We settled into our hotel – the Tigress – our home for 2 nights.  A beautifully designed, luxury heritage resort, with suites & villas adjacent to the national park.

An early start - before breakfast - ensured we got to the park before the temperatures soared.  It was actually rather cold – or was that the shivers of anticipation? I’m not sure!

As well as tigers, Ranthambore is home to leopards, wild boar, hyenas, sloth bears & various breeds of deer.

During the morning game drive, our driver spotted a tiger print, which built the excitement within the group – surely one would appear very soon…. Unfortunately, & to my complete disappointment, we were unlucky & didn’t catch a glimpse of any tigers, although we did see many deer!

We returned to the hotel for lunch & caught a couple of hours of sun around the swimming pool – & listened, very dejectedly, to other guests recounting their stories of seeing tigers on their morning drive ☹

We headed out again in the afternoon to another area of the national park – the zones that you visit are randomly selected – & we had everything crossed for a sighting. On this outing we saw a lot less deer & secretly hoped this may be a sign that there may be tigers in the vicinity. After a long trek across the park the driver suddenly changed track & headed down a ramp & around a bend to where we were ecstatic to see not one but 4 tigers!! Not only 4 tigers but also the kill they had taken down only about 20 minutes earlier!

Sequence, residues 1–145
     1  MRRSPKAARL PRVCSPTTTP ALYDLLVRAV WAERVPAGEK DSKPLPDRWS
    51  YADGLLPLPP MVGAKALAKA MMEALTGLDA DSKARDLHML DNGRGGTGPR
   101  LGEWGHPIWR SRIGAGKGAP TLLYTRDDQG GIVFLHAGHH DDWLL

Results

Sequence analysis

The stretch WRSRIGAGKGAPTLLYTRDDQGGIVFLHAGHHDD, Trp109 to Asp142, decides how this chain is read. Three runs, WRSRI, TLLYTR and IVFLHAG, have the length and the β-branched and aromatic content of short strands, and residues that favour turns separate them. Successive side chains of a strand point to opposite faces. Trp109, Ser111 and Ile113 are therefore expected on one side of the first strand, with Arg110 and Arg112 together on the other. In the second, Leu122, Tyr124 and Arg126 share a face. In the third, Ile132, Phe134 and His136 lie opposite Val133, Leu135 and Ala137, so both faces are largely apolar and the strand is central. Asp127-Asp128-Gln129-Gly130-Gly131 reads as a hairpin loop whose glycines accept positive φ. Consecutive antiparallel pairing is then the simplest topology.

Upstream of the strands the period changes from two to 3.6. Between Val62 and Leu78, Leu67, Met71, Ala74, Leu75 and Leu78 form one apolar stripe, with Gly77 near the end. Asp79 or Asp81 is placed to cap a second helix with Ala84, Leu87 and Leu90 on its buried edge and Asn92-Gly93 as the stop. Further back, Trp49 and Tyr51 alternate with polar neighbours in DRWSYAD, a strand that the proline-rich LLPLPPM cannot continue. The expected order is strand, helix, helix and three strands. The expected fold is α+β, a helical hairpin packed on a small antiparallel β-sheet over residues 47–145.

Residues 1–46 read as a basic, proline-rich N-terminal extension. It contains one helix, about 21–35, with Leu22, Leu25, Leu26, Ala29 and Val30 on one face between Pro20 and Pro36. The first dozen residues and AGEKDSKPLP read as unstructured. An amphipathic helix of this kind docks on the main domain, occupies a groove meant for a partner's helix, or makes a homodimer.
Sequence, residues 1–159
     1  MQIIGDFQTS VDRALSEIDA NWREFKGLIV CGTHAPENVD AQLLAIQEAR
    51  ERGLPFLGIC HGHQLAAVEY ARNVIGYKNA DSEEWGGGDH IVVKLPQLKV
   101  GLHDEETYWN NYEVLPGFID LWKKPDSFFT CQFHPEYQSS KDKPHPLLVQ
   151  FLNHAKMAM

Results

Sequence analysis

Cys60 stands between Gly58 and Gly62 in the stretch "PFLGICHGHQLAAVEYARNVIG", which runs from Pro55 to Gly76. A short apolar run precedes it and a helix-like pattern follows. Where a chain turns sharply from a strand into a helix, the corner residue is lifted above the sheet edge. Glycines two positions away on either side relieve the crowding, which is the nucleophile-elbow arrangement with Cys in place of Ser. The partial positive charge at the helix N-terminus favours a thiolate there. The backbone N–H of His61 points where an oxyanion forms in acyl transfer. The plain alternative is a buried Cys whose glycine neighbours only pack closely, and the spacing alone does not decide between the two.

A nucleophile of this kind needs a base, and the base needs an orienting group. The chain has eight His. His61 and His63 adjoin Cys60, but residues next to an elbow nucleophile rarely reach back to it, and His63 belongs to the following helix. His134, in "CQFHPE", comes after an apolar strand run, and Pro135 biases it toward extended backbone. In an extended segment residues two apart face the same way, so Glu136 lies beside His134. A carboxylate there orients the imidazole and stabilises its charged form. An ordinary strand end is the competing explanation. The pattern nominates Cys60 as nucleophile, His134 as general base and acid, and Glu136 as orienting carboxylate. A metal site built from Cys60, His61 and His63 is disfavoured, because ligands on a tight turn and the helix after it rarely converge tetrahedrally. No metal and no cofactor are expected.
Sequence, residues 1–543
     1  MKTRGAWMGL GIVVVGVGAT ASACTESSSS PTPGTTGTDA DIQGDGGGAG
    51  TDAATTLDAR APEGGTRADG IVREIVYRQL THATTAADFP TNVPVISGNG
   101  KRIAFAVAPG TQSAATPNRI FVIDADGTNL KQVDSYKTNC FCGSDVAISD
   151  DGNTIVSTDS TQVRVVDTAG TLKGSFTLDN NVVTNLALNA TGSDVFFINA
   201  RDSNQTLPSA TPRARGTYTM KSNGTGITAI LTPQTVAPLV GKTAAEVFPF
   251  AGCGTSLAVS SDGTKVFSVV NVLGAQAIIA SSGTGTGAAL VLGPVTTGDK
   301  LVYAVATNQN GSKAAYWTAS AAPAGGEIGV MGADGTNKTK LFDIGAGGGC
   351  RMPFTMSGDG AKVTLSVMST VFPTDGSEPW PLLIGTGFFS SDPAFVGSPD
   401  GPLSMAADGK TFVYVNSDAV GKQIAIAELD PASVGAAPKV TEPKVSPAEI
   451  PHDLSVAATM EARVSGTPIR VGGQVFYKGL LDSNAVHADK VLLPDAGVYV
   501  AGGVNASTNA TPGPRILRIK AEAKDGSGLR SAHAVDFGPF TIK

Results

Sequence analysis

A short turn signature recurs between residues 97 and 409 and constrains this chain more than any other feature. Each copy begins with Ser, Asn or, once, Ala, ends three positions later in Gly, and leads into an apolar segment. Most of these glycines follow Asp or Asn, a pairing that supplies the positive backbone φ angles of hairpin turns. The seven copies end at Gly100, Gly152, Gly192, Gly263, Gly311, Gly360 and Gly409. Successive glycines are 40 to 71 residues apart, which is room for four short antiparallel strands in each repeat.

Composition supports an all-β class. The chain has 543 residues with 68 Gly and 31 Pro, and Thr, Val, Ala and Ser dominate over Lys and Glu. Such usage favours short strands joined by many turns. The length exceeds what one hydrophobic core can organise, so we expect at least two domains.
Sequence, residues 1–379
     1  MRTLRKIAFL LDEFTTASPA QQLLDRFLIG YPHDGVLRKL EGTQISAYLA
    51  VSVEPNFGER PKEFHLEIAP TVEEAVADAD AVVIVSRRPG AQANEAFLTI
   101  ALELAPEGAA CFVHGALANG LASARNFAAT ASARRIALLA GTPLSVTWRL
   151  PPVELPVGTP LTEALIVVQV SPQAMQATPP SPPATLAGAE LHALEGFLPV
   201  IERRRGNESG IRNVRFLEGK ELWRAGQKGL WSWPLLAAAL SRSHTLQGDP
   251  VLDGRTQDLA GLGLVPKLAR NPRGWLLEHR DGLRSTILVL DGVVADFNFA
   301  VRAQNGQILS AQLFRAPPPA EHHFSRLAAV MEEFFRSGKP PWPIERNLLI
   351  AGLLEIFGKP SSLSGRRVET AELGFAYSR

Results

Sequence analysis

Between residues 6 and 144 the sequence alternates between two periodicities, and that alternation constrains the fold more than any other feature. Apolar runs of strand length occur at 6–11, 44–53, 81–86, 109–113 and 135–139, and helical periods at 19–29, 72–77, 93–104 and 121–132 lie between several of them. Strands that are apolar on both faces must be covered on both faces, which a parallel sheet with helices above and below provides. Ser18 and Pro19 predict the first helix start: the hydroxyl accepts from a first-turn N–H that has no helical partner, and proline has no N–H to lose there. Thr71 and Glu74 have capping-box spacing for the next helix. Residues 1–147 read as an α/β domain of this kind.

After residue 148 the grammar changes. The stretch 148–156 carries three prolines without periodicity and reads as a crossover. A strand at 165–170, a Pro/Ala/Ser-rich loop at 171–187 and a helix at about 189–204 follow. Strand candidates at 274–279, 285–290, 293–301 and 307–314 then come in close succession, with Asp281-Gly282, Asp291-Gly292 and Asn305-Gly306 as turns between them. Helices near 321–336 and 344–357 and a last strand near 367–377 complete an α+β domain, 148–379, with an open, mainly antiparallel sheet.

Tiger drinking at Ranthambore National Park

We parked up, with a group of other vehicles, for around an hour & took in this amazing spectacle.  They each took a turn in devouring some of their prize & a couple of them strolled leisurely across to the water-hole & lapped it up before lying down in the water to cool off.

The tigers were a mum & her 3 cubs, who were around 11 months-old.  They stay with her until they are around 2 years-old, when they move to new territories within the park & live solitary lives.

This was a truly magical & emotional experience that I felt honoured to have seen, as not everyone who visits Ranthambore is lucky enough to witness these rare, beautiful & elusive creatures.